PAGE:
Ampersand cookies rolled, pressed, and cut before baking.
We first developed “Letterpress Cookies” as part of our participation in the 2016 Wisconsin Book Festival (during our Community Research Kitchen residency at The Bubbler), where we printed the entire alphabet and available punctuation. Not surprisingly, our favorite was the ampersand. We bought another set of presses to have a second “&” when we planned “Rage Grief Comfort &” for the Municipal show. Since then we’ve incorporated Ampersand Cookies into a lot of activist-oriented activities and events, giving them away at events like the women’s march and bringing them to talks and functions.
This recipe is different every time we make them. The first base recipe had cream as well as butter, and sometimes we’ve incorporated a bit of “The Bubbler”, as we now call our Foodways sourdough. The cookies come out not too sweet, and we’ve yet to feel we over-did either the anise or the cloves.
Beat: 1# butter and 450gr sugar
Mix and add: 3 eggs (about 150gr), 50gr olive oil, 10gr anise extract
Mix and mix in: 100gr rye flour, 700 gr APF, 20gr sea salt, 5gr baking powder, 5gr ground cloves
Wrap and chill: at least an hour, up to a day
roll out to 1/4″
press ampersands deeply with floured press
cut between the cookies–they usually don’t fuze too much while baking but that depends on how loose the dough is
bake at 400F for 15-20 minutes, depending–it’s usually good to rotate the pans partway through
When Spatula&Barcode were invited to participate in the Municipal show, we knew immediately that we wanted to create a project about responses to the election. The resulting project, “Rage Grief Comfort &” used simple foods to allow the public to express emotions and then asked the question, besides being angry and fearful, what else can we do. Continue reading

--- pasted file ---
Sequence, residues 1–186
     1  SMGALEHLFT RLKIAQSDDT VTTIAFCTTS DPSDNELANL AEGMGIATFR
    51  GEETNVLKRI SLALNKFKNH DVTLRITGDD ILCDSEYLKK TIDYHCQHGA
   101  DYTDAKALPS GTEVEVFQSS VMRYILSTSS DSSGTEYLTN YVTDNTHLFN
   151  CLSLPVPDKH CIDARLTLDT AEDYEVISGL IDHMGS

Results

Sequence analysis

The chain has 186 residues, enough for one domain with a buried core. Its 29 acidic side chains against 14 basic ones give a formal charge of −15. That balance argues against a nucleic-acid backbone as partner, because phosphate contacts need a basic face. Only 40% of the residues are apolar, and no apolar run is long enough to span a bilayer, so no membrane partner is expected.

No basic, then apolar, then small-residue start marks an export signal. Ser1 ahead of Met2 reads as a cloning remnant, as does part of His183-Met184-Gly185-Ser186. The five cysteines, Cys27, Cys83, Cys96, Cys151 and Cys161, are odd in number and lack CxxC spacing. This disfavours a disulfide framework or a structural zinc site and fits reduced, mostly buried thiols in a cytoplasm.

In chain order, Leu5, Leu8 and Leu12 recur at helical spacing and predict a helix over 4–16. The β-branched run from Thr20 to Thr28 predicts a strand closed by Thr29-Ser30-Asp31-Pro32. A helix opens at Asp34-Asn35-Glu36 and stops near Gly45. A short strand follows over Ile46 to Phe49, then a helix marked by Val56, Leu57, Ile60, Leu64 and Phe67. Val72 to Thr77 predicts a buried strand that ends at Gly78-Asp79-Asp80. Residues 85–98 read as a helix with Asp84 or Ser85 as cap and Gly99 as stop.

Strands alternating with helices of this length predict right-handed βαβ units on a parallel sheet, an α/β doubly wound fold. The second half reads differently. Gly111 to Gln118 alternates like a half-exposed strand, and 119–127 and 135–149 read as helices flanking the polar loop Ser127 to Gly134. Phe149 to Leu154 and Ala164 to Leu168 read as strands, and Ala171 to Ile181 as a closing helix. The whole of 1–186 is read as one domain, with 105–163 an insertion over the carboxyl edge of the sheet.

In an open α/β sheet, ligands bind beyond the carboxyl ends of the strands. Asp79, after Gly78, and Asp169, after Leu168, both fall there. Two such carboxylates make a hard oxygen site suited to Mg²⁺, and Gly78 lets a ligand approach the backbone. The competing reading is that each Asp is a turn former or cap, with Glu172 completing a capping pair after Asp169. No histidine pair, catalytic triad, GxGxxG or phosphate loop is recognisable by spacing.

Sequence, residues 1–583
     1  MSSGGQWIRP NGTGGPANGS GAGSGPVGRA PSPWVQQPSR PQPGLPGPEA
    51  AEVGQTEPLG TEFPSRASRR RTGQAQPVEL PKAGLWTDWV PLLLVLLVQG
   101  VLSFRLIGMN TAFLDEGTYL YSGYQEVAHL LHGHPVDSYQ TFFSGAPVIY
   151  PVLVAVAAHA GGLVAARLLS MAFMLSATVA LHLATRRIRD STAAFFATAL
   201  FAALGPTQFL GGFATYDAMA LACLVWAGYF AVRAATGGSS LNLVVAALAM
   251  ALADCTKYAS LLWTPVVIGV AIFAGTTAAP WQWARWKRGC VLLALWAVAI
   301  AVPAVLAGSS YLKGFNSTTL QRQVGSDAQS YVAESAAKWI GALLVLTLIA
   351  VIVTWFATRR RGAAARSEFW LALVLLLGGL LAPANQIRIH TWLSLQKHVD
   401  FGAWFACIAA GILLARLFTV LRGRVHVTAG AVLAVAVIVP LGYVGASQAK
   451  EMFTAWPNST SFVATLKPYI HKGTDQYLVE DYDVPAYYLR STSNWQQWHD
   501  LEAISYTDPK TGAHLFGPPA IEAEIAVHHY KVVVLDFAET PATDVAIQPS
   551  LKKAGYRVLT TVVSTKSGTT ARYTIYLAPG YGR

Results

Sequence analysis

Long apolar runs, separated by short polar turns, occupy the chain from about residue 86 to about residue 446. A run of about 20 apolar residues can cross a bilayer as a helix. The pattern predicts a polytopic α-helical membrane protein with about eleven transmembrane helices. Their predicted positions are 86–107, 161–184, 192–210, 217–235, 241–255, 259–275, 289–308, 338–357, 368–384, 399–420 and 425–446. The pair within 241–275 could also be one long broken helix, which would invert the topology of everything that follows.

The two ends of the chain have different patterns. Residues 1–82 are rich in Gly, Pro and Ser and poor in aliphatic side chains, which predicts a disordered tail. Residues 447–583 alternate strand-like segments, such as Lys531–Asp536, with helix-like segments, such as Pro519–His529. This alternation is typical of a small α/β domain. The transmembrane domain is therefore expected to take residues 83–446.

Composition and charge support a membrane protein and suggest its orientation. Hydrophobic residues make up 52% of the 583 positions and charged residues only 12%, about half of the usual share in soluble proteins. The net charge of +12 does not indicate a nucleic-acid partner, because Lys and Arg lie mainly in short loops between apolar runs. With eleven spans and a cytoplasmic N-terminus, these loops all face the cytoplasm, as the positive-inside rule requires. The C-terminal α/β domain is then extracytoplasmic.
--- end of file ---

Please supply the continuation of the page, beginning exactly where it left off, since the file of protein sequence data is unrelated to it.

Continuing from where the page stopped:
Spatula&Barcode gave two lectures about the Foodways series this fall.
This blog post will catch us up on four more meals that were completed during the the Feeding Farmers project, one from November, one from December, and two from January. Continue reading
In September and October of 2016, Spatula&Barcode were artists-in-residence at the Bubbler space in the central branch of the Madison Public Library. Our primary goal here was to engage the general public in discussions about how they understand food systems as personal, social, and global.
To this end, we could be found on site up to twenty hours a week engaged in a number of different kinds of activities: cooking, eating, conversing, playing games, diagramming, reading, looking things up, sorting ingredients and re-arranging the space. Continue reading
On 4 December, Laurie Beth and Michael hosted a brunch for artists and farmers to celebrate the Feeding Farmers project at MMoCA.
The post below documents four meals that were realized by artist/farmer pairings in December. Continue reading